Red Rocks Amphitheatre is about to host a slam that will leave electronic music fans, and their glowsticks, spinning. The Glitch Mob
is coming to take over with an all-star lineup Saturday, July 2,
bringing together friends and sounds that range from psy-dub to
As Red Rocks welcomes newcomer and synthophile Com Truise
to the glorious amphitheatre, it also says goodbye to others — this show
is the last chance for fans to catch The New Deal as they swing through
Colorado on their final tour. The established instrumental trio has
earned massive amounts of love from both the electronic and jam scenes
during nearly 13 years of playing.
“It feels appropriate that we’ve played all the places
that are close to our hearts,” drummer Darren Shearer tells Boulder
Weekly. “We feel good about where we’ve been in the last 13 years, and
we feel good about leaving it where it is.”
All the groups at the show have fond memories of playing
at Red Rocks, and for The New Deal, this weekend’s performance, their
second at the amphitheater, will be especially poignant.
“The fact that one of our last Colorado shows is gonna be
at the most beautiful venue in the world is not a terrible thing,”
Justin Boreta of The Glitch Mob, the San Francisco-based
trio responsible for establishing glitch-hop as a prominent genre of
electronic music, cites Red Rocks as critical inspiration for its
upcoming album, to be released July 12.
Boreta has toured with the group the world over and still
believes Red Rocks is “one of the most beautiful, majestic venues in the
entire world.” It’s also the place the Mob got their break — Sound
Tribe Sector 9 believed in their music and teamwork mentality enough to
book them during one of their set breaks at Red Rocks in 2007.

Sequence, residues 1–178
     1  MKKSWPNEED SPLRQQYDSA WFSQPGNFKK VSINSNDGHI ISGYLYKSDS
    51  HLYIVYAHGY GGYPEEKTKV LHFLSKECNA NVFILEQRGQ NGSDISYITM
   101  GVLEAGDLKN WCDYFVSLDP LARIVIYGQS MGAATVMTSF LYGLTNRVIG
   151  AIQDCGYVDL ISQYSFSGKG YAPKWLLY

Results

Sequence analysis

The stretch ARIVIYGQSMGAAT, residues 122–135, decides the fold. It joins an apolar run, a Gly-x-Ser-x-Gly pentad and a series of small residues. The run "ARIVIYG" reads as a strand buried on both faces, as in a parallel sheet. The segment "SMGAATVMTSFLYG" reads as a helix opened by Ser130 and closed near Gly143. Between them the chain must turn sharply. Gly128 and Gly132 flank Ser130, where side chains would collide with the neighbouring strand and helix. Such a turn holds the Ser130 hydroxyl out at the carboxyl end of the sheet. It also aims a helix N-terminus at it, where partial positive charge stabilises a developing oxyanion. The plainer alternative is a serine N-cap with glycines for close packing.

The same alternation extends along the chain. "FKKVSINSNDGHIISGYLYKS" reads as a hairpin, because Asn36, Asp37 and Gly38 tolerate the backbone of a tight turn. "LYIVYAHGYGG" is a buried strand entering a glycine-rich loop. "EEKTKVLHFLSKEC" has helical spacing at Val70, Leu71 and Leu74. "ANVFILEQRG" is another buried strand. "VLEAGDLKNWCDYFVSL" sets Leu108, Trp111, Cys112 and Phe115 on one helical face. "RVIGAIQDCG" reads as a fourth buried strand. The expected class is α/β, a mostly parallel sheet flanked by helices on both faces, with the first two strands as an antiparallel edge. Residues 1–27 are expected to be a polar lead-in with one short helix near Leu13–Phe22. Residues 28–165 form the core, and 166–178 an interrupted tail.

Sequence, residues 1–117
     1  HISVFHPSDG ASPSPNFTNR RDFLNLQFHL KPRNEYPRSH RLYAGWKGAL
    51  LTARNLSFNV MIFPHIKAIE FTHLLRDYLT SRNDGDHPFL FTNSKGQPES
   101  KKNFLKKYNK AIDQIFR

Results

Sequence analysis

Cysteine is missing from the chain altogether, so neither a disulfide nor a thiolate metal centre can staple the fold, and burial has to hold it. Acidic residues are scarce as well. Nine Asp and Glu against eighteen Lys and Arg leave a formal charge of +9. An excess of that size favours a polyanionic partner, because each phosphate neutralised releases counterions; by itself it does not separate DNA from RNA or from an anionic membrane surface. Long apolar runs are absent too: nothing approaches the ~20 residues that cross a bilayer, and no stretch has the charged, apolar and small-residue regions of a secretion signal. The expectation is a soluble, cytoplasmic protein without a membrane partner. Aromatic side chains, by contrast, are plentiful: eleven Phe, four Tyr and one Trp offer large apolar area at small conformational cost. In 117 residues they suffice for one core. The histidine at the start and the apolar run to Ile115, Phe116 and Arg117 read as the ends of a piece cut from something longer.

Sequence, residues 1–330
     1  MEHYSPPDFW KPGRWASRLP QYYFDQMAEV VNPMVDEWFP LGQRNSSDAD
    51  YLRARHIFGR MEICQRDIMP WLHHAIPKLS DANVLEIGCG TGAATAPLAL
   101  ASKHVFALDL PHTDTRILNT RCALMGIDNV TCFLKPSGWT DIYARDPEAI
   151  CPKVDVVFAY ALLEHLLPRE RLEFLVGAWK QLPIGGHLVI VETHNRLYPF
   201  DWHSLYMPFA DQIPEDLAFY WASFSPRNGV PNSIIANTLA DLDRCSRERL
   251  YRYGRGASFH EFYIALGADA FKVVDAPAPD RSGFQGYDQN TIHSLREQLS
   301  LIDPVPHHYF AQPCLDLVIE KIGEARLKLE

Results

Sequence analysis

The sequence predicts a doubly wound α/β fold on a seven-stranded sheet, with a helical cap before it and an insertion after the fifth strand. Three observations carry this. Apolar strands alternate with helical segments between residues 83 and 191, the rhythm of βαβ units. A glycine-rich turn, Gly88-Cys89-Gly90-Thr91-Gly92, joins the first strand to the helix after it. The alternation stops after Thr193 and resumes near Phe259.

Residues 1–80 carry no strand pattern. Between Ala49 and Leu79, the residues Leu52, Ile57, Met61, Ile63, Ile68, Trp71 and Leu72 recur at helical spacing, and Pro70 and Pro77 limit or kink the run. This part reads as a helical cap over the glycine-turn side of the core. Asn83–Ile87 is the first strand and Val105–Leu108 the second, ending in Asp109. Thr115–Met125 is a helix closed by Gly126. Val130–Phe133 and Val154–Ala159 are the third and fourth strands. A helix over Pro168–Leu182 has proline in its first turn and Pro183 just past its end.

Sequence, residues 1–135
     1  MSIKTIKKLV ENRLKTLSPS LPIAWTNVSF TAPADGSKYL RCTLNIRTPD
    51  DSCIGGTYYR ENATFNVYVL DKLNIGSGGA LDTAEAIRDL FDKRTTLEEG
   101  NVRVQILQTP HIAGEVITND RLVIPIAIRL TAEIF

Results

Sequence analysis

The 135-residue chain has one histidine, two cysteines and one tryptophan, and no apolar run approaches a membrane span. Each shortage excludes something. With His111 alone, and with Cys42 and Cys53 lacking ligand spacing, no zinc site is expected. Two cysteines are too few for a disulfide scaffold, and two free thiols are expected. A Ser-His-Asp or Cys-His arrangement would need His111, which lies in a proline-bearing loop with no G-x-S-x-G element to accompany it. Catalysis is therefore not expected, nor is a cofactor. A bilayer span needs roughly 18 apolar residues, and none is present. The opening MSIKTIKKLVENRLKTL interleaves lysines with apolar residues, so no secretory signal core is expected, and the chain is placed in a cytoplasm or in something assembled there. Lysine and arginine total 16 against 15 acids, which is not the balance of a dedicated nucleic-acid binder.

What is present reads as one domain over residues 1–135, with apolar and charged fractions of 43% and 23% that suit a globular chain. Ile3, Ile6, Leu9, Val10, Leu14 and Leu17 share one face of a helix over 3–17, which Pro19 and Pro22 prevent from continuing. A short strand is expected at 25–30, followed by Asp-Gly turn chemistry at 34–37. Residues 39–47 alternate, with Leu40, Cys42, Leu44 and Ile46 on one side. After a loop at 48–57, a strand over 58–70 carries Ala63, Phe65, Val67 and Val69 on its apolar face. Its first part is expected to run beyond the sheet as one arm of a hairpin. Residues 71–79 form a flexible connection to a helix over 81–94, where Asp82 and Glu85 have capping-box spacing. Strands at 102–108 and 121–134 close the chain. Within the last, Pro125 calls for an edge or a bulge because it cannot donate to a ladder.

“It was life-changing,” Boreta says. “And now, to feel
that we took the momentum that they handed to us and ran with it, took
inspiration from people we look up to and now we have our own show
there, it’s just truly mind-blowing.”
Boreta says Red Rocks is the focal point
of their upcoming 35-show tour, the only chance they will get to fully
flex their muscles and play completely through their upcoming album. One
of those tracks, “We Can Make The World Stop,” is Boreta’s choice for a
symbol of how it feels to stand midway up the stands, where the
majestic red rocks and the Denver skyline are both visible.
“It’s really coded into the whole thing;
we can’t help it,” he says. “It’s playing outside in a beautiful spot,
and you really feel like you’re sitting on the edge of the world when
you’re at Red Rocks, and you’ll hear that.”
Boreta says the headlining gig will be a mind-blowing and humbling experience.
“Underneath the stage at Red Rocks, there’s a tunnel that
goes from the main stage to the center of the crowd, and all the greats
of music have signed on the wall,” he says. “So I’m walking on this
stage thinking, ‘I’m just some guy playing music on my laptop, and here I
am signing the wall next to Ziggy Marley.’”
Glitch Mob fans should also like the set
from MiM0SA, the wonky stage name of Tigran Mimosa, a Los Angeles-based
producer whose darkly psychedelic instrumentals draw from glitch-hop and
West Coast influences to create a fresh take on dubstep and glitch.
Mimosa first played Red Rocks last year, when he opened for Pretty Lights. His first Red Rocks show, predictably, blew him away.
“It was really warm,” he remembers of the Pretty Lights
show. “It rained a little bit, but I also remember seeing stars at one
point. It’s just amazing to look up and see the big, red rocks and a
crowd of 10,000 people.”
Longtime Boulder favorite Lotus will
bring added balance to the evening as an instrumental group that has won
followers with a balanced mix of uplifting melody, a textural approach
to sound and geometric guitar solos. The lounge-tech sounds of Nomad
launched them as reliable jamtronica artists, and they have continued
further into a rock-informed Chemical Brothers approach with the more
recent Hammerstrike and Oil On Glass.
Lotus member Jesse Miller alternates rocking the bass and
samples/keyboards, as well as co-writing Lotus’ songs with guitarist
Luke Miller. Red Rocks means many things to Luke Miller, whose high
school graduation was held at the venue.
“It’s very beautiful, but it has a lot of personal connections,” he says. “It’s like a look back, almost.
“I feel like any time you play Red Rocks, it’s a
celebration, not only of the music but also of the naturally incredibly